Crate training: should I crate train my dog?
PUBLISHED: 14:04 14 January 2016 | UPDATED: 14:04 14 January 2016
Dog trainer Sophia Taylor provides a few tips on how to decide whether or not to use the crate training method to help your new canine addition settle in more easily
Crate training can be a minefield. If approached in the correct way, it can be successful, if not, it is sure to be a nightmare. It is fair to say that crates are not suitable for all dogs. Puppies are different, and some homes do not have the space to accommodate one. They are definitely not suitable for dogs to be left in for hours on end.
I can recall hearing straight from the horse’s mouth of dog owners boasting that they had left their puppies/dogs in the crate for 19-20 hours out of 24 and they wondered why their dog was a whirling dervish. Totally cruel, in my opinion, and if this is what people think crates can be used for, then they should think again about getting a dog.
The suggestions I make are gained from my own personal experience with puppies I have had over the years and the experiences of friends and clients I know and respect.
Buy a crate that enables your puppy to grow into and has enough room for it to stand up and turn around. Allow your puppy to get used to the crate by leaving the door open and put toys, treats and a comfy bed inside. You can try feeding the puppy in it but leave the door open. Next gradually, close the crate door for a few seconds and then open immediately. Try not to interact too much with the puppy. Do this over a week or so. For some, it may only take a few days. In between this, I suggest owners sleep downstairs with their puppy, or take the puppy in their bedroom and gradually move the crate further away from the bedroom to its final place.
Some puppies will take to the crate immediately but many will not and this is where your gut instinct plays a huge part.Our recent addition was seven weeks old when he came to live with us. My immediate gut instinct was not to crate him. However, I went against this and the first and second nights were pitiful and quite upsetting. So on the third evening, I did follow my instinct and left the crate open and stayed downstairs. This was the best option for this little chap as he let me know when he needed to go out and this of course has helped with house training. I have found that as each day passes and the puppy has got used to his surroundings, bonded with us and the other pack members, he has been more than happy to be left at other times. We have chosen not to use a crate with this particular puppy. He has settled in downstairs with the rest of the pack and now sleeps from 11pm to 7pm and he only lets us know if he needs to go out and relieve himself. It is difficult to set in stone what to do. But trust your gut feeling. Yes it is true that for some puppies it may cause problems if this is not dealt with correctly. Separation anxiety is what springs to mind. But not all puppies will end up with this if the crate training is dealt with in the right way, but if you have another dog already the puppy will settle much quicker.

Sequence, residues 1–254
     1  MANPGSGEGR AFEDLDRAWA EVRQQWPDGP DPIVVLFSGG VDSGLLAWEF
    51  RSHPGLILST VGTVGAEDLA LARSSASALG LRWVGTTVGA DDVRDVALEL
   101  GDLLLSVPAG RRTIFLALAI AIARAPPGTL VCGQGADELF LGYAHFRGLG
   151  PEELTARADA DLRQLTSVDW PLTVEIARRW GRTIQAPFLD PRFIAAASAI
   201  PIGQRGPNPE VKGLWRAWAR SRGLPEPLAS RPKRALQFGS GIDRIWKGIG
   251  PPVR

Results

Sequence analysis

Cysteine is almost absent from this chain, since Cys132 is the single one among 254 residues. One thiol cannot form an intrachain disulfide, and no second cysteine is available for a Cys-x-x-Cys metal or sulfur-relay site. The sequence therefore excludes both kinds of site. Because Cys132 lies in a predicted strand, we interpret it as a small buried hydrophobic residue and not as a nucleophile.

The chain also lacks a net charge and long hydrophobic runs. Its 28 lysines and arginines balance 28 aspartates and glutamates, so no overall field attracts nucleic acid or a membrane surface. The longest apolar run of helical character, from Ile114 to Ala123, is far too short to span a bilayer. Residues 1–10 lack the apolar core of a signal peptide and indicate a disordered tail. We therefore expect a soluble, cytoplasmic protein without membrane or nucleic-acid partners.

I don’t believe in putting a puppy in the crate at 10pm and leaving it in there until 7am. This is far too long. If the puppy settles and then cries, you need to get up from your slumber and put the puppy out to relieve itself and then put it back in the crate. You then need to go back to bed. But some nine week old puppies can and have gone this length of time before crying to go out. If you are determined to use a crate, try the suggestions above by introducing the puppy slowly to its den and all should be well. ‘Horses for courses’ is one of my favourite sayings, so be flexible in your approach and you will be successful. w
‘On the Scent’ is not responsible for issues arising from these suggestions. If you are struggling with your puppy, please get in touch with your local dog trainer, behaviourist or vet who should be happy to help.
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